"Events in Greece have brought the euro area to a crossroads: the future character of European monetary union will be determined by the way in which this situation is handled." Jens Weidmann, Bundesbank president and European Central Bank governing council member, Hamburg, May 20.
By rights, the ECB could have abandoned Greece long ago. Nothing in the rule book says it must prop up countries at risk of economic collapse. If anything, the architects of the monetary union, launched in 1999, envisaged the opposite. Because members would share a currency but not spending and tax policies, governments were meant to take responsibility for their own finances –the "no bail-out" principle was enshrined in a European Union treaty. Logically, a nation that flouted the rules as recklessly as Greece should be left to its fate.
Faced in recent weeks, however, with the renewed fears of a Greek default, the ECB has balked. With increasing vehemence, the euro's monetary guardian has warned of catastrophic effects across the 17-country currency union. Jean-Claude Trichet, ECB president –with less than six months before his eight-year term expires –has refused to discuss any debt restructuring for the nation, storming out of a meeting of eurozone finance ministers in Luxembourg this month when it was raised.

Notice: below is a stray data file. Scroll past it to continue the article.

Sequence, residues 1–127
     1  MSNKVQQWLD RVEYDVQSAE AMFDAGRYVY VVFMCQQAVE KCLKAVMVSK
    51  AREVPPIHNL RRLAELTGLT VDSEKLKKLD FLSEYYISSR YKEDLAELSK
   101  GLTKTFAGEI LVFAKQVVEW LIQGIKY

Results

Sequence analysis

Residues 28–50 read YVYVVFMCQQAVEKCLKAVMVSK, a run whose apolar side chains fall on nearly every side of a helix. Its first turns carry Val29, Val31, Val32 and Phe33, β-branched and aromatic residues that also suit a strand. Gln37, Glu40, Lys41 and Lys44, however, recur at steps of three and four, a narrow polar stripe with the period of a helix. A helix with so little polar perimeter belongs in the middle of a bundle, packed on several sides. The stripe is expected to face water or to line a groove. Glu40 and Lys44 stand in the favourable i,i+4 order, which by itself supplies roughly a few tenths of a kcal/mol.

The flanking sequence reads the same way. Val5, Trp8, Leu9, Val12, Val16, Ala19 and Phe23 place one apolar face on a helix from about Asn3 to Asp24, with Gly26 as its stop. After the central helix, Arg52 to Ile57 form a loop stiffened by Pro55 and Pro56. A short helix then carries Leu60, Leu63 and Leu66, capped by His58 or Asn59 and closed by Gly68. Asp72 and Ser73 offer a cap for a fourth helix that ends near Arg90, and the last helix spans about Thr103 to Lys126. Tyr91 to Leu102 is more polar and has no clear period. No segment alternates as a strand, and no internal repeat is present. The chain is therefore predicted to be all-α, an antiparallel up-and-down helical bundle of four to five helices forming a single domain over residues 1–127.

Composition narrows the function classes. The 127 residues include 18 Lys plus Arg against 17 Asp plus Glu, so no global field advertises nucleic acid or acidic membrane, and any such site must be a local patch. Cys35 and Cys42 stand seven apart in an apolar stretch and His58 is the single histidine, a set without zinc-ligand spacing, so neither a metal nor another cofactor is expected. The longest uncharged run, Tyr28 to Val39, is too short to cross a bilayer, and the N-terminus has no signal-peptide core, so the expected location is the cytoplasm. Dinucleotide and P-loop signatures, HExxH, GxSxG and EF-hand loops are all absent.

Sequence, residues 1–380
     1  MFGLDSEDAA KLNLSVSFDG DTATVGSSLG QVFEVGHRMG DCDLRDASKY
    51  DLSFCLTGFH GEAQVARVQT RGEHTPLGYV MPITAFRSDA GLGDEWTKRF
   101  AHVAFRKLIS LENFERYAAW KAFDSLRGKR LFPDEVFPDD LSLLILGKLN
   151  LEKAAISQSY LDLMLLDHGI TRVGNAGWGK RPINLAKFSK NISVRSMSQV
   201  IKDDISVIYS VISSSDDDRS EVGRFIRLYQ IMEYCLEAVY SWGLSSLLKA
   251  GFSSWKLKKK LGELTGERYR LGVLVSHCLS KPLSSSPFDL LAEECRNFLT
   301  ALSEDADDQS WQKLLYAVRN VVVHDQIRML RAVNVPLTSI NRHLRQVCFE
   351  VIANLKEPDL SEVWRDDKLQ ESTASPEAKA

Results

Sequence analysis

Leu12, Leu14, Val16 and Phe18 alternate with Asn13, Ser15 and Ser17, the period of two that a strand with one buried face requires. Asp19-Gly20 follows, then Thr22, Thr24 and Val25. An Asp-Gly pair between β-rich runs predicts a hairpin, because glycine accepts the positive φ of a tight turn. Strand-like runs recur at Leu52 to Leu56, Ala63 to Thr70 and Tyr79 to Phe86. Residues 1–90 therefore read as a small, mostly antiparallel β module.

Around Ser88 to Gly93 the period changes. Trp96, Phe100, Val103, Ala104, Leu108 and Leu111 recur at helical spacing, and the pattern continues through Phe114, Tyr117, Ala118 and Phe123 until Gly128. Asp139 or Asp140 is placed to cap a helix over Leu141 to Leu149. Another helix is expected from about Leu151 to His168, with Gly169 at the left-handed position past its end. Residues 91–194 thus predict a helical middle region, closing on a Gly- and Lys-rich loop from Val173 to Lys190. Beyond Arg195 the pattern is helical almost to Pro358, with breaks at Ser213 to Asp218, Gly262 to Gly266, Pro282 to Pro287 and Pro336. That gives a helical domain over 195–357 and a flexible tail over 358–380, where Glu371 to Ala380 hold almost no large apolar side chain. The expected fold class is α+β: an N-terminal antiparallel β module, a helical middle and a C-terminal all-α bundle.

His colleagues, including Mr Weidmann of the Bundesbank, have raised the stakes. They warn that if politicians take even a modest step towards a restructuring, the ECB will cut Greek banks off from its lifesaving liquidity supply, triggering a financial collapse that would push the country's economy into the abyss. It is the central bank equivalent of nuclear deterrence: defy us and we will blow up the world.
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